Over the past 86 years, The Levitt Shell has provided a space for musicians and music lovers to thrive—and they’ll continue doing so while returning to their OG roots as the Overton Park Shell.
While widely known as the Levitt Shell since 2005, the outdoor venue was originally built in 1936 by the Works Progress Administration (WPA) and was initially called the Memphis Open Air Theatre, also known as The Overton Park Shell.
Operating as one of only a handful of active, original WPA bandshells, our Shell has been home to some of Memphis music’s most historic and pivotal moments, such as, Elvis’ first paid performance—what historians regard as the first-ever rock n’ roll show—the seminal Country Blues Festival of the 1960s, and countless concerts featuring local legends like Booker T. & the MGs, Isaac Hayes, Johnny Cash, Mavis Staples, Sid Selvidge and many more.
Many Memphians may know what the Shell has done to become the world-class performing arts venue that it is.
But let’s take a trip down memory lane and look at the historical role The Levitt Shell has played in building community through the performing arts and finding common ground in a diverse audience.
Throughout the early era of the Overton Park Shell, the outdoor venue was the site of the memorable Memphis Open Air Theater (MOAT) orchestra performances, light operas, musicals.
In 1947, the Memphis Federation of Musicians launched Music Under the Stars Series which launched the Levitt Shell’s legacy of providing free music programming.
In 1954, the Shell hosted the first-ever public performance of a young Elvis Presley, who opened for headliner Slim Whitman and instantly stole the show. It was also home to the 1955 County Music Jamboree with Elvis, Wanda Jackson, Johnny Cash, and Sonny James performances. During this era, the Shell was a place for people to come together, celebrate local music heritage, and inspire as the years transcended.
Although the 1950s-1960s were a significant period in Shell history, the space wasn’t always bustling with music buzz. At times, the Overton Park Shell grew quiet—and it neared demolition in the 60s as the Memphis Arts Center planned to raze the Shell and build a $2-million theater. Conductor Noel Gilbert was instrumental in keeping the heartbeat of the Shell alive by collecting over 6,000 petition signatures. With the successful protection of the Shell, The Country Blues Festival continued with historic acts like The Bar-Kays, the Allman Brothers Band, Isaac Hayes, Black Sabbath, Seals & Crofts, and more!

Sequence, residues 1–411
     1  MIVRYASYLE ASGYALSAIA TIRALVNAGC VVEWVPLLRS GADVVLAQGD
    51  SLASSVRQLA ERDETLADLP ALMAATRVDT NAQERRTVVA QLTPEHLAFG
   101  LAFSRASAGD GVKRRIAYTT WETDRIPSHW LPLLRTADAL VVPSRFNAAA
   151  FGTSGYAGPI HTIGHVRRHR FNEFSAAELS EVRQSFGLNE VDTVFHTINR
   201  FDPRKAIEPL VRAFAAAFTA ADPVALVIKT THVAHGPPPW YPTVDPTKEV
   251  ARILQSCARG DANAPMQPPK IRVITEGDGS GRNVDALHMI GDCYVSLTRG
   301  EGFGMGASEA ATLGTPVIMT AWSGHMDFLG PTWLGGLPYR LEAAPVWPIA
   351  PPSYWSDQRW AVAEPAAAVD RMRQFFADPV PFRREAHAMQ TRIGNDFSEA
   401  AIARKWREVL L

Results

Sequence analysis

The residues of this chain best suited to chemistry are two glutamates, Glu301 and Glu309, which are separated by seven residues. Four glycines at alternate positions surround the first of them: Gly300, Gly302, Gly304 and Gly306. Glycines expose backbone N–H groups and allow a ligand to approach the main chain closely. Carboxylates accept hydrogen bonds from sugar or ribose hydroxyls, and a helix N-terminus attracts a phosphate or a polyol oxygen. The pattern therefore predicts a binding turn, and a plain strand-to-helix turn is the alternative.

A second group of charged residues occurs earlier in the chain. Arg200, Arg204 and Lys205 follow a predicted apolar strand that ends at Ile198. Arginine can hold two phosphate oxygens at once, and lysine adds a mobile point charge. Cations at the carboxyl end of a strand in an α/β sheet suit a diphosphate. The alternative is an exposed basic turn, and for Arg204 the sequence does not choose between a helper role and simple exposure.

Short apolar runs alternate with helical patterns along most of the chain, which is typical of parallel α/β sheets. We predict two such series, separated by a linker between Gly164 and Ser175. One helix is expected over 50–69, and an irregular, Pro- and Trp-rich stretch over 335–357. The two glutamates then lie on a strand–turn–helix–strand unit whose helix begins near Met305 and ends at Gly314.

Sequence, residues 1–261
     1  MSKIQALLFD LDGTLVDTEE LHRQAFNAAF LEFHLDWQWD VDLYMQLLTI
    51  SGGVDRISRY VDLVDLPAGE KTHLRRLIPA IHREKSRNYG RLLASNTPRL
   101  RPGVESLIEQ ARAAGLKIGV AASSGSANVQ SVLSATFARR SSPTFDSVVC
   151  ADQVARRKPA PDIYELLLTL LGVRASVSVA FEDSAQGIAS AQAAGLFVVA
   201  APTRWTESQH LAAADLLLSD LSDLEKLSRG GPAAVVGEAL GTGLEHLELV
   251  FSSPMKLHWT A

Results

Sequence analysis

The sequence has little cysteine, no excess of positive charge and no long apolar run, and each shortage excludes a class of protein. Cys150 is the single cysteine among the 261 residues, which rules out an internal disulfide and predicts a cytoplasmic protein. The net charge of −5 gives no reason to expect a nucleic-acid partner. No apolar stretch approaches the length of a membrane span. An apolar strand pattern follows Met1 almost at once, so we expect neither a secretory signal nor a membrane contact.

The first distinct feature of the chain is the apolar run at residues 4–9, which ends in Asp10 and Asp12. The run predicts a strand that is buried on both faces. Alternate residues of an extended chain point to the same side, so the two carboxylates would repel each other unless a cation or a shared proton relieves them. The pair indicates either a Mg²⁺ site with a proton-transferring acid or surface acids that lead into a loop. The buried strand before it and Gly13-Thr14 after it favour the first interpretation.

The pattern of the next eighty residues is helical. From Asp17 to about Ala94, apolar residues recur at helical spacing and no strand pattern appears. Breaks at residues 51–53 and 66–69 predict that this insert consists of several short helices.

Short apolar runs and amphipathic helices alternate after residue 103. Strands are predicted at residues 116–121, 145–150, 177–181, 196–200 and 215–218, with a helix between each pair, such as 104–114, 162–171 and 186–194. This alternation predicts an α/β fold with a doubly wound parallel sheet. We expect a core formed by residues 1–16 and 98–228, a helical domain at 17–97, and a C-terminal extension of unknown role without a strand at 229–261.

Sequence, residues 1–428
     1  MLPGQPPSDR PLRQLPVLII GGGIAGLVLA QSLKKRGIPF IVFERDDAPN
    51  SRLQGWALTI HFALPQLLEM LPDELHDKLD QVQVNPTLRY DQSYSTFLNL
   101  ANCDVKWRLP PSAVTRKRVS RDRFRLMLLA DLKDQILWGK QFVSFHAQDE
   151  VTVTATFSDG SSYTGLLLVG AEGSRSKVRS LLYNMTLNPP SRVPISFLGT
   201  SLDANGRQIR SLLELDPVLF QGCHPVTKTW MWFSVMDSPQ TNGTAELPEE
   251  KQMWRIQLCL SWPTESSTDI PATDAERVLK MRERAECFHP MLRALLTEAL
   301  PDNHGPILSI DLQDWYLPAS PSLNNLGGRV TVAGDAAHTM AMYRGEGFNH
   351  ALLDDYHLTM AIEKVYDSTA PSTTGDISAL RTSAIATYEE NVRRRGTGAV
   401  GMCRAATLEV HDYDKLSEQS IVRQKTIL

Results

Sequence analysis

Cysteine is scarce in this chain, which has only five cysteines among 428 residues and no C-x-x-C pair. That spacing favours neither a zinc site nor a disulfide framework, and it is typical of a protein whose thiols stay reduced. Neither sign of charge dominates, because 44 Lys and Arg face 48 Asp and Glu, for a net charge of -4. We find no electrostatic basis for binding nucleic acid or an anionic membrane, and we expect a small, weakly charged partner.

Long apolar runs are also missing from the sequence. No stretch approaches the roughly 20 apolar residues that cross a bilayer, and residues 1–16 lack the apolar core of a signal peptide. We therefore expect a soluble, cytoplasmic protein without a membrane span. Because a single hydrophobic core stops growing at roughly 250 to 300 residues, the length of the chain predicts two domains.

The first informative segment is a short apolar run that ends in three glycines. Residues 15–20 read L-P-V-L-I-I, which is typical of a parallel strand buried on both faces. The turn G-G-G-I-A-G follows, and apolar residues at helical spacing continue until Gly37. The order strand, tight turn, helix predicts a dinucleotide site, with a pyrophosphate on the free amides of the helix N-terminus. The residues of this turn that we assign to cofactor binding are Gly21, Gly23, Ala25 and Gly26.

In 1984, The Shell faced more attempts for demolition. There were plans for a parking garage to be built, which would silence the voice of many musicians past and future. These plans were underway until local environmentalist John Hanrahan led the fight to keep The Shell alive.
After the death of John Hanrahan in 1986, The Shell lay dormant for the first time in history. His friends and family rallied to form Save Our Shell, Inc. in his honor and brought life back to the stage. The community rallied to preserve The Shell once again, and thus, the Shell was reborn with hundreds of free concerts which would set the foundation for stewards of this cherished stage.
Year 2005 brought about the modern era of the Shell as the organization partnered with the City of Memphis, the Mortimer & Mimi Levitt Foundation to renovate The Shell and present 50 free concerts every year, as it still continues to do today.
Over 14 years, The Levitt Shell has presented over 500 free concerts.
Despite its many shifts and setbacks, one thing throughout The Shell’s history remains certain—this is a stage meant for Memphians and Memphis’ musical heritage.
On March 3rd at 10AM, The Overton Park Shell turns the page to a new chapter in music history; leaving the Levitt Foundation behind as they forge forward—or rather backwards in time—to resurface its imitable identity.
You’re invited to join them in celebrating a lifetime of music and witness the announcement to Memphis and the nation of this exciting end and beginning.